One thing I can say in Joshua’s favor: the chapters are really short, which makes doing this as school starts pretty easy. Not that it’s been too busy, since my two online classes haven’t really properly started yet, which is good, because my textbooks are being super delayed.
This chapter revealed something about the Israelites during their wandering in Egypt: none of them had been circumcised. That seems really odd, given how much it’s emphasized, but then I did a little word search, and the most adamant references to circumcision are all in Genesis. In Leviticus, there’s a brief mention in the rites of purification after childbirth that boys are to be circumcised on the 8th day, and Exodus makes it clear that only circumcised men are allowed to take Passover. Otherwise… not very much. Deuteronomy only treats it as a metaphor. I know that law is hardly limited to just the law-y books, and that most Jews consider the commands in Genesis mandatory, but I guess I can kind of see where some Jews are arguing that it isn’t as necessary as tradition made it out to be.
But they are celebrating the passover, and to do that they have to be circumcised. Which apparently none of the younger generation did. So I suppose they didn’t celebrate the Passover during the wandering in the wilderness. So…the law doesn’t take full effect until after they’ve reached the promised land – after God has fulfilled his part of the bargain, they start living up to theirs. Interesting.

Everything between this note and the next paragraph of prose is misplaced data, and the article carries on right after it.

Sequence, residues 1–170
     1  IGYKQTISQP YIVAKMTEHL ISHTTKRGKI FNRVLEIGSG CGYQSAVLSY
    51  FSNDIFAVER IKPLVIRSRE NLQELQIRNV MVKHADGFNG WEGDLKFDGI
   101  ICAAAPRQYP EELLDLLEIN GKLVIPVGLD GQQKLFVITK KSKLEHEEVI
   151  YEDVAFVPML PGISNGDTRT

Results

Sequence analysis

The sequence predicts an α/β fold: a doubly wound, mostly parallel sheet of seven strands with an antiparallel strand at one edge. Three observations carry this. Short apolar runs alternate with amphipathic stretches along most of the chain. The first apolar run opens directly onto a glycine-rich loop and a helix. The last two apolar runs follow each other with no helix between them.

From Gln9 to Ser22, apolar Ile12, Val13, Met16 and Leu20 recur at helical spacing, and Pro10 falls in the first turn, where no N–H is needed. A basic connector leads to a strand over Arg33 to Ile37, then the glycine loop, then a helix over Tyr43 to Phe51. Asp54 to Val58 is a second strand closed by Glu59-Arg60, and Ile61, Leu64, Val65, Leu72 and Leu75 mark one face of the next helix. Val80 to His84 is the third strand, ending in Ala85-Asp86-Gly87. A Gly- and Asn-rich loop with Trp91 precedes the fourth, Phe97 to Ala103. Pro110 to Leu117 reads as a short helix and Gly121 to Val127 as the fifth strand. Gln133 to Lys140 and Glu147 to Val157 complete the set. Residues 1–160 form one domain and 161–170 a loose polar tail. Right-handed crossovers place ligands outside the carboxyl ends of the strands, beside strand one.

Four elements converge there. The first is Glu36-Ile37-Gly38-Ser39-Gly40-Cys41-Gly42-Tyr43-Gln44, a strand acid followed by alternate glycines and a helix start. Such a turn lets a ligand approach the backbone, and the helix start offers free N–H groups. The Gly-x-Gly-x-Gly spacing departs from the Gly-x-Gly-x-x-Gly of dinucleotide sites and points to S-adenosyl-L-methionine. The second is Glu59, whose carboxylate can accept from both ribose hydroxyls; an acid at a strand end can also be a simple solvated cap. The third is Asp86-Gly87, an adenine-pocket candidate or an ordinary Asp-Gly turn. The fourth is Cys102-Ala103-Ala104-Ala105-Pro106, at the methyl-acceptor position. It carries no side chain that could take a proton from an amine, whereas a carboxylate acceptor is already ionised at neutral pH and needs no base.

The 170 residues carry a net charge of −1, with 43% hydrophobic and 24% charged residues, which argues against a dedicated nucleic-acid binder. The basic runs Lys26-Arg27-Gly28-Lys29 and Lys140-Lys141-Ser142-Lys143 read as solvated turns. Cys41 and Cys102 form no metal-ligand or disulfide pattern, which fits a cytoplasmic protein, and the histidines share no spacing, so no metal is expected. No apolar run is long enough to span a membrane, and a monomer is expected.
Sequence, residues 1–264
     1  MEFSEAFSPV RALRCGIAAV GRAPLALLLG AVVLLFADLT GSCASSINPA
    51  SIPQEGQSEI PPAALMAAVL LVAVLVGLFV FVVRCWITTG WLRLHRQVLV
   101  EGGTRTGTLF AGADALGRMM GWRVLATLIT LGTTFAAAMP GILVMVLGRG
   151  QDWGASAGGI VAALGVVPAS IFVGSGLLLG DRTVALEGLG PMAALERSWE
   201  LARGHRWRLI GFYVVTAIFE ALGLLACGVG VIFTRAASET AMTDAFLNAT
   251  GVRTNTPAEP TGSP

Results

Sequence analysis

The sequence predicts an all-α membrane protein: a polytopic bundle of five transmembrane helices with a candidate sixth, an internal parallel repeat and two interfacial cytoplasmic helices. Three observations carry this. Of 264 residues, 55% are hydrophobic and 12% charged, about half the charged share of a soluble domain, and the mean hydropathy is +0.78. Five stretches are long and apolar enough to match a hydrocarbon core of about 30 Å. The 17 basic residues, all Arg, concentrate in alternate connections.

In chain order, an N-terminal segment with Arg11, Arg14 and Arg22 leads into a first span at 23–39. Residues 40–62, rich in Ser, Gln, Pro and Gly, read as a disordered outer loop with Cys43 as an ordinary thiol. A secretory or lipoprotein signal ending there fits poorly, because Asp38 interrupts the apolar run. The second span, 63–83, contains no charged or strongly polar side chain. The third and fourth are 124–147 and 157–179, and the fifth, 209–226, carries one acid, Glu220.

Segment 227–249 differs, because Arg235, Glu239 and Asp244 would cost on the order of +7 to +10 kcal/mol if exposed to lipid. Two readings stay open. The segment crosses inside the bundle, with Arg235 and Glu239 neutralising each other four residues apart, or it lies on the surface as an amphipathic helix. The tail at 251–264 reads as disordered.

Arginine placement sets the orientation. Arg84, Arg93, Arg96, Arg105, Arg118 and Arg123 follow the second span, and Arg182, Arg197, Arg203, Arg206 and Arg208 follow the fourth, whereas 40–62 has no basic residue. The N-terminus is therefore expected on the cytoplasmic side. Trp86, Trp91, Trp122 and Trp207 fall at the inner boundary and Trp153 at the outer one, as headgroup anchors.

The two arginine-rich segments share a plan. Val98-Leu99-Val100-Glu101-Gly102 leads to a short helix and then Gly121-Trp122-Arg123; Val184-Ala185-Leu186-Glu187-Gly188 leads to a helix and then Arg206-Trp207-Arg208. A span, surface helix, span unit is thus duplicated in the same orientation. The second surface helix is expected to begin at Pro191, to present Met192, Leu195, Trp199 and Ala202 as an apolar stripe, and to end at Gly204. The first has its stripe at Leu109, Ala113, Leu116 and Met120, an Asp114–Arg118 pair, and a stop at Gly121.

That still doesn’t entirely explain why circumcision stopped, since it predated their time in Egypt. The NCT has something like “they hadn’t had the occasion to do it.” I may be misreading that, but I suppose with them all on the move, what is basically a minor surgery might have been impossible. As it is, they circumcise themselves now, as adults, leaving themselves vulnerable for two weeks as they wait to heal. Maybe there’s a statement of faith in that – they are literally trusting God to make sure that their enemies don’t find out that they’re all out of commission and take the opportunity to attack them.
The chapter ends with yet another “Joshua is Moses” moment, where he meets the commander of God’s army, who commands him to “Remove the sandals from your feet, for the place where you stand is holy” (v 15), a nearly direct quote of Exodus 3:5. I will say that, as with the river versus sea example, Joshua’s theophany is less impressive. Moses got to talk to God, albeit through a bush. Joshua only gets to meet one of God’s main underlings.
The massacres start next chapter, so things are going to get unpleasant again soon.
The Japanese: hiuchiishi “flint” (v 2), ori “chance, opportunity” (v 7), ieru “to recover, to be healed” (v 8), chijoku “disgrace, shame, insult” (v 9), yuukoku “evening” (v 10), sanbutsu “product, fruit” (v 11), hakimono “footwear, clogs” (v 15).
I’m not sure why they went with hakimono as opposed to one of the words for “sandals” in Japanese. Zouri, waraji… it’s not as if they don’t wear them.